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VOL. 43 | NO. 44 | Friday, November 1, 2019

Kempf: Not embracing our riverfront is missed opportunity

By Hollie Deese

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Lucy Kempf

Lucy Kempf, the executive director of the Metropolitan Nashville-Davidson County Planning Department, who moved here three years ago after working in growth and development in Washington, D.C., for more than a decade, wants Nashvillians to embrace the riverfront.

“My hope is that I will move the ball forward on reawakening people to the idea that the river has value, and what's really cool about it is it's not just a downtown riverfront,’’ she says. “This is a riverfront that snakes through north Nashville and abuts portions of TSU. There's a lot of really wonderful, exciting opportunities for that system to redefine how we think about the city.’’

Kempf talks about maintaining authenticity as Nashville grows, keeping it the kind of place where long-term residents can afford to live while creating and improving infrastructure, making strides to boost quality of life and building out the riverfront.

“We are city building on a huge scale, which presents a lot of opportunities to create neighborhoods that are places where people want to live, and new public spaces, but also a lot of challenges,” Kempf says.

What are some big challenges facing Nashville right now?

“On the physical side, certainly building cohesive and meaningful public infrastructure. That can be everything from the stuff underground with water, at ground level with roads, but also those amenities that can really improve the quality of life for our residents. That's what we're here for. We want Nashville to be a great city for people to live in.

“Things like parks, connectivity between neighborhoods, the diverse mobility options through greenways and multimodal transportation networks, giving people a choice in how they want to live their lives, and the character of their neighborhood is really important. I think trying to build those systems is usually challenging. Nashville has historically built infrastructure lot by lot. That does not work so well in fast-growing areas experiencing a lot of change. You have to have more of a systems approach. I think that's a core challenge that permeates all of our planning decisions.

“A second challenge is that as we evolve, Nashville needs to continue to maintain its voice. We have a point of view in this city that should be distinct from every other city, and that should feel that way through our built environment, through the types of uses we have for the way people experience the city. I think that we have that, and we have it through the music industry. We have it through the way that our neighborhoods have developed, that I think if we're not careful, that can slowly erode.’’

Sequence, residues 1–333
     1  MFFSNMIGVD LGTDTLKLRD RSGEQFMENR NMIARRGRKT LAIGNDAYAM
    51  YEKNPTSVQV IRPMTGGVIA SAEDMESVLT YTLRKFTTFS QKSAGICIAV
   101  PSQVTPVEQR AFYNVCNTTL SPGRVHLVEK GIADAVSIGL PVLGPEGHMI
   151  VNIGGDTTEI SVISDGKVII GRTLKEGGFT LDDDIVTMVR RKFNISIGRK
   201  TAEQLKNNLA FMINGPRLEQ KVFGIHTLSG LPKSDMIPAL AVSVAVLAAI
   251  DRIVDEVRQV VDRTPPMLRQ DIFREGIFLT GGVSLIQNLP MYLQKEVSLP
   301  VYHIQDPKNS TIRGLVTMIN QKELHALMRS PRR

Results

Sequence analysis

There is a lot at stake with growth, including culture among neighborhoods. How do we determine what best serves Nashville moving forward?

“To me, there are a lot of public benefits that go with quality of life. To me, that's about making sure we have services such as good schools for kids, access to parks and open space choice. If you want to be able to walk to work or your places of worship or your hobbies, to have that option. It's giving a variety of folks and a variety of age groups and incomes choice. I think that there certainly is a tension between long-time residents who are concerned about displacement.

“I don't think it's an either/or. I think we have to find a balance. What can be challenging is that issues like affordable housing, we've got to work both at the local and nonprofit level, but also at the state level, because there are protections at the state level regarding affordable housing and restrictions. I think that part of our challenge is bringing together all of the local and state constituencies around a common set of problems to try to solve those.’’

What opportunities are there for people to have a voice?

“Many. One of the things that I love the most about planning is it's not like we're biologists in a lab who don't care about what people think. Public engagement is a part of the foundational elements of the profession. It's about design and geography and community engagement. I think the planning, at least for me, we're trying to think a little more dynamically about how to reach out to folks.

“Sometimes we find out about a problem when there's a problem. What we're trying to focus on is building relationships earlier, so we can talk to folks about issues that they care about, and then have that relationship so we can identify problems before they fester. In planning, one of the most important tools that we have is the general plan for this setting, which is NashvilleNext. A countywide plan approved in 2015, it did some really important things that identified areas for growth, and areas that we wanted to protect, such as those with natural features or historic preservation features. It's basically charted a blueprint for future development. That plan was based on community feedback. That's a living document and we continue to work with individual neighborhood groups about the direction of their community.’’

How can tourism and hotel growth co-exist with residents right now?

“Ten years ago we didn't have so many residents living downtown and in the neighborhoods immediately downtown. But that's changing. I think that a lot of people find living downtown to be really fulfilling. As a city, I think that's important for us. We need to do some work around downtown and in the areas immediately downtown that identify from a character perspective where our tourism areas are. We certainly know Broadway, but the character of other parts of downtown doesn't have to feel that way. That can affect everything from our signage standards to the types of buildings that we do. All of that goes into the sense of whether or not we're oriented to tourism and the honky-tonks or something a little different.